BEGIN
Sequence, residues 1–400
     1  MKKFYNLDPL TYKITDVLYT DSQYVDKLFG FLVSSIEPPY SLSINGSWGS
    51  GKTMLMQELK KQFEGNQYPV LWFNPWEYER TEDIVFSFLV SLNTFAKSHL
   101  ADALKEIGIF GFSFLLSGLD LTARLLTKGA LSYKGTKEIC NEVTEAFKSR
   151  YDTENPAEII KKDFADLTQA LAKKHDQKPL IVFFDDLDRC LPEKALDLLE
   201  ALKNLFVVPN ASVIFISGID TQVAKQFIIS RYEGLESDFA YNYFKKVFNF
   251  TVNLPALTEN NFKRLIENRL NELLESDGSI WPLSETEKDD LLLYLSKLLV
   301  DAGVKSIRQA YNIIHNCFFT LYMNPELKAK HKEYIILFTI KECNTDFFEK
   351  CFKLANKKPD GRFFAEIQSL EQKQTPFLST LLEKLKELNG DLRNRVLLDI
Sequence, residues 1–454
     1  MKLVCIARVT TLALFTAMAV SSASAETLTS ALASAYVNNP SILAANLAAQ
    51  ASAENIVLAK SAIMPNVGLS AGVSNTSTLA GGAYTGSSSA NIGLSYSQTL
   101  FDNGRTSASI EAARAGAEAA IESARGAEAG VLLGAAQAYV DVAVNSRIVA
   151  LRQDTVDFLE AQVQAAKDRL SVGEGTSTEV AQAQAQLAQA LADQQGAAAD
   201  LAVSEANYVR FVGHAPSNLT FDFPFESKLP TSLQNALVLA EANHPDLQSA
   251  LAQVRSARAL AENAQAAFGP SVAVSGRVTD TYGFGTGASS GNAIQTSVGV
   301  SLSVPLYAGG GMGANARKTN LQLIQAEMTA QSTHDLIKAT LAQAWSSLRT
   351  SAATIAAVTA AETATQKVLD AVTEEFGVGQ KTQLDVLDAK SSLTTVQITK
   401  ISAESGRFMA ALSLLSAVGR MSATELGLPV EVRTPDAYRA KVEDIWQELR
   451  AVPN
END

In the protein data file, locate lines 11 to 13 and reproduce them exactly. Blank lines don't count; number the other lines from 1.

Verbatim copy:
     1  MKLVCIARVT TLALFTAMAV SSASAETLTS ALASAYVNNP SILAANLAAQ
    51  ASAENIVLAK SAIMPNVGLS AGVSNTSTLA GGAYTGSSSA NIGLSYSQTL
   101  FDNGRTSASI EAARAGAEAA IESARGAEAG VLLGAAQAYV DVAVNSRIVA